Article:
Avengers 43

avengers 43

Today, Ryan and Mark are discussing Avengers 43, originally released April 1st, 2015. 

Uneasy lies the head that wears a crown

William Shakespeare, Henry IV

Ryan: It has been said that absolute power corrupts absolutely, and history remembers figures like this with no small sense of disdain. However, what of those leaders who came to reign under the most noble of intentions, who yet were forced to make decisions universally agreed upon as damnable? Jonathan Hickman and Stephano Caselli have taken readers on a convoluted and bumpy road in Avengers, and along the way have raised some sticky questions in regards to morals under duress. In this penultimate issue, we see how the crown of an empire and the Damoclean burden of genius can incite or deter an extinction. Continue reading

Avengers 39

avengers 39Today, Spencer and Mark are discussing Avengers 39, originally released December 10th, 2014. 

Spencer: When you read enough comics, you start to see certain repeated themes and styles emerge among various writers. Brian Michael Bendis is known for dialogue-heavy, somewhat decompressed comics. Kieron Gillen makes no attempt to hide his musical influences and knack for clever dialogue. Geoff Johns loves to rehabilitate long-forgotten or mishandled characters and concepts (and is also a bit infamous for cutting off his characters’ arms). Jonathan Hickman, meanwhile, is probably best known for his cerebral, somewhat detached style of writing that can spend years setting things up before finally letting all the dominos fall into place. With this week’s Avengers 39 we’re getting closer and closer to the end of Hickman’s Avengers epic, but the most interesting part of the issue is the commentary Hickman seems to be making on his own writing style. Continue reading

Avengers 38

avengers 38Today, Spencer and Drew are discussing Avengers 38, originally released November 19th, 2014. 

You can’t tell the players without a program!

Traditional

Spencer: I actually bought a program at a ballgame once, and while it made a nice souvenir, I can’t say it helped me follow the game any better — if anything, it was a bit of a distraction. I didn’t need to be able to tell the players to follow the action on the field, but the same isn’t true for Jonathan Hickman’s Avengers epic; thankfully, Avengers 38 provides us with a pretty snazzy program of its own, free of charge!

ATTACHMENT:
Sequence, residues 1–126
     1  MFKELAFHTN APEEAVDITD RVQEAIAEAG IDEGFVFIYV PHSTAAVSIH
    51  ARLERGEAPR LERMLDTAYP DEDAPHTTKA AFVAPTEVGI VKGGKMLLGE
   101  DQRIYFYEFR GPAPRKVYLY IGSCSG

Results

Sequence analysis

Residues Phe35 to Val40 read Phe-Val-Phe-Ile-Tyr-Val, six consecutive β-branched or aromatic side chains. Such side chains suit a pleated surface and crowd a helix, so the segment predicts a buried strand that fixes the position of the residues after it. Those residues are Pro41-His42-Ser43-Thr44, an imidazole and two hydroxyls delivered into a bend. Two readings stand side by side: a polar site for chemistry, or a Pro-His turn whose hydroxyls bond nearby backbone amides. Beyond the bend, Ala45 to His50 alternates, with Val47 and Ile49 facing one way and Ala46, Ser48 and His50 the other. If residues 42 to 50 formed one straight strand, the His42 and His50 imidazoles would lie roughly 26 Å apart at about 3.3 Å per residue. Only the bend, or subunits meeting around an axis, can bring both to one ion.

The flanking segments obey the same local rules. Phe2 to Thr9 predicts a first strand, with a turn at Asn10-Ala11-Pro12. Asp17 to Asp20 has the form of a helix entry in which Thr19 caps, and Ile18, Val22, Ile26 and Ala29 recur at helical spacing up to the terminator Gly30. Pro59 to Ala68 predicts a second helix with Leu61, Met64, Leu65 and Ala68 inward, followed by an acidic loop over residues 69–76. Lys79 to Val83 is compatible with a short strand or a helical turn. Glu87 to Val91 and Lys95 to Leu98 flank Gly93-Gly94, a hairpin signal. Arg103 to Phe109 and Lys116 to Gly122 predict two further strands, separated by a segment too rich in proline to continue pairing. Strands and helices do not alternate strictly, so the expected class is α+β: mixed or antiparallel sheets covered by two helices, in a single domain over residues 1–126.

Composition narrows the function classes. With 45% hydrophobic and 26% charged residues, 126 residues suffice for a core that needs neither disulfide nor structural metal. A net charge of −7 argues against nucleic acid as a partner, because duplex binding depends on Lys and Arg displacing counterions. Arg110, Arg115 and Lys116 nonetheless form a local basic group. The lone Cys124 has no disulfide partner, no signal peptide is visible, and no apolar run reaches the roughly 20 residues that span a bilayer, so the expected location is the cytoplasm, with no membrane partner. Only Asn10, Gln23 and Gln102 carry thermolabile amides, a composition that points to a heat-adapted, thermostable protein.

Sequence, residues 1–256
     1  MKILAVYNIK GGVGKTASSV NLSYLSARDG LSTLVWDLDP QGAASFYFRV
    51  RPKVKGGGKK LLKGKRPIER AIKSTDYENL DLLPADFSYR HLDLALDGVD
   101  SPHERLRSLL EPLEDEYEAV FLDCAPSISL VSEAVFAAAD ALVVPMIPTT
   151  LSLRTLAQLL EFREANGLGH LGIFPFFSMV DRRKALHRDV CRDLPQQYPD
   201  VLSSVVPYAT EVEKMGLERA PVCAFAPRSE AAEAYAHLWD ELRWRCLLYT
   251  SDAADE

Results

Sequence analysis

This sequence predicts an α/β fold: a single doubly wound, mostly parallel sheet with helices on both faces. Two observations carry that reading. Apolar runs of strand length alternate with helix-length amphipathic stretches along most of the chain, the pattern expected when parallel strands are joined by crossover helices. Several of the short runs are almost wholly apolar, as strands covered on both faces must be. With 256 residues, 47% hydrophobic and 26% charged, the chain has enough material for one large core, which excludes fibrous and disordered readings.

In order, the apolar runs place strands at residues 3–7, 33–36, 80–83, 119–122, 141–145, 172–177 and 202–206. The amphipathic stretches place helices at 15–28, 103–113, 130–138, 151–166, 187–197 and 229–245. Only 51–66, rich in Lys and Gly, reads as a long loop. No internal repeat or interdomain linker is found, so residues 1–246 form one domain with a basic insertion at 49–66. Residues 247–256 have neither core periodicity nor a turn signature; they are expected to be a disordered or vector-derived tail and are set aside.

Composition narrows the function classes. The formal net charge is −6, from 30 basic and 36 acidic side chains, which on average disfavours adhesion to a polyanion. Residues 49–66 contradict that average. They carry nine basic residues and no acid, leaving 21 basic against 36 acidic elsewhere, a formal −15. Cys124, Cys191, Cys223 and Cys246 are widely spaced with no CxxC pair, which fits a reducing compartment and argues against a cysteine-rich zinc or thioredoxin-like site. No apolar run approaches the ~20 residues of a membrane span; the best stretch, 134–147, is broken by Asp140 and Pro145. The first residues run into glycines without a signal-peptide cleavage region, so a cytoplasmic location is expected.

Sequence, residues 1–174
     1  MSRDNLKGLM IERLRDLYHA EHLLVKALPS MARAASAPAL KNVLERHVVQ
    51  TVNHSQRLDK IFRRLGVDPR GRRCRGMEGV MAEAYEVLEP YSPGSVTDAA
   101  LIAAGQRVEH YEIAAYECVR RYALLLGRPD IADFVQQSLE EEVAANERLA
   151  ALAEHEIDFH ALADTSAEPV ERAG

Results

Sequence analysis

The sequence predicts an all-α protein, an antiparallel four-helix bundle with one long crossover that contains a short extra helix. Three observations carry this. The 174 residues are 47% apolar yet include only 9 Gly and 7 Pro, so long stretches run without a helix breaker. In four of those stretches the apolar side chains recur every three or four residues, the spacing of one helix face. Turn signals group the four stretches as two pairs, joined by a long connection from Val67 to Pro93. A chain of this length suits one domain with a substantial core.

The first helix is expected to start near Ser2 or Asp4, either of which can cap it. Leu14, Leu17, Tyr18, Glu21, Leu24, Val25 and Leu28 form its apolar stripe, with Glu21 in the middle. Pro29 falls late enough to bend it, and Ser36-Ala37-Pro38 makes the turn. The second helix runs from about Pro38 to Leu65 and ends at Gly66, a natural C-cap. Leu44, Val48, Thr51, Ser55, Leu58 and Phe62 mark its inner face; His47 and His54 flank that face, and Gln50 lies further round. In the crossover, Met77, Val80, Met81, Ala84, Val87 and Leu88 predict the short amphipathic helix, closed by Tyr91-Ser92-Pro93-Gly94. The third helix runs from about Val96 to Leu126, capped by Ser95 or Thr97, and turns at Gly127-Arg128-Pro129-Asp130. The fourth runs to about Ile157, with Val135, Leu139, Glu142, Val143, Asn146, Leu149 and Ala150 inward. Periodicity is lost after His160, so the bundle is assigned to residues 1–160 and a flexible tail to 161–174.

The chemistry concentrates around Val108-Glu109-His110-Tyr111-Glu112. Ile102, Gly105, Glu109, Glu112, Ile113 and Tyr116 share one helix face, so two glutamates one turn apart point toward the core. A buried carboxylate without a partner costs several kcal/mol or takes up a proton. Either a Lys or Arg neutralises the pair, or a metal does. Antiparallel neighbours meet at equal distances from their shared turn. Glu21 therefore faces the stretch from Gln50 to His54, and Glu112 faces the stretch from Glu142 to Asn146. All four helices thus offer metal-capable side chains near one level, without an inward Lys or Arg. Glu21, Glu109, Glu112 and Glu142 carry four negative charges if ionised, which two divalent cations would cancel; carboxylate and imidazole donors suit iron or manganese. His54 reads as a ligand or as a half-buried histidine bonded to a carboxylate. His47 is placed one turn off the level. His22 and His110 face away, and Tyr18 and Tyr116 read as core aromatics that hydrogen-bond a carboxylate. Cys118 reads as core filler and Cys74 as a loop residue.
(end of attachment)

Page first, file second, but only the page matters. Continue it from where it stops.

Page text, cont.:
Program

While only the characters in color actually appear in this issue, almost all of them play some sort of role in its story, making me increasingly grateful for this handy run-down. Actually, in its own way all of Avengers 38 is a program; the issue sets up the players in the upcoming conflict between the various Avengers teams as well as their motivations, allegiances, and weapons, and I have a feeling we’re going to be referencing this issue for quite a while to come. It’s place-setting, but place-setting is rarely this entertaining. Continue reading

Avengers 36

avengers 36Today, Spencer and Drew are discussing Avengers 36, originally released October 8th, 2014. 

Spencer: Jonathan Hickman’s Avengers hasn’t exactly been a character-driven book; that’s not to say Hickman doesn’t have an excellent grasp on the various voices of his cast, but to say that this title is very much driven by the plot, with the characters often feeling like cogs in his Avengers machine. Starting with Avengers 35, though, the title skipped eight months into the future; catching us up to the activities of the various Avengers in this new setting has given Hickman a chance to refocus on his characters, as well as on some of the many plot points that have fallen to the wayside in the last nine months or so. Avengers can sometimes be a hard book to love, but issue 36 continues the return of the kind of storytelling that made me pick up this book in the first place.

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Avengers 22

avengers 22 infinity

Today, Mikyzptlk and Spencer are discussing Avengers 22, originally released October 30th, 2013. This issue is part of the Infinity crossover event. Click here for complete Infinity coverage.

infinity divider

Mikyzptlk: Infinity has been, well, infinite in is ability to dish out issue after issue of Epic Space Battles and a slew of intergalactic threats. For the most part though, I’ve been a bit let down by the lack of the smaller character moments that I love to see in my superhero funnies. Jonathan Hickman seems poised to give me exactly what I want in Avengers 22, while gearing up for his conclusion to the Infinity event.  Continue reading

Infinity 2

infinity 2-INFINITY

Today, Ethan and Patrick are discussing Infinity 2, originally released September 4th, 2013. This issue is part of the Infinity crossover event. Click here for complete Infinity coverage.

infinity divider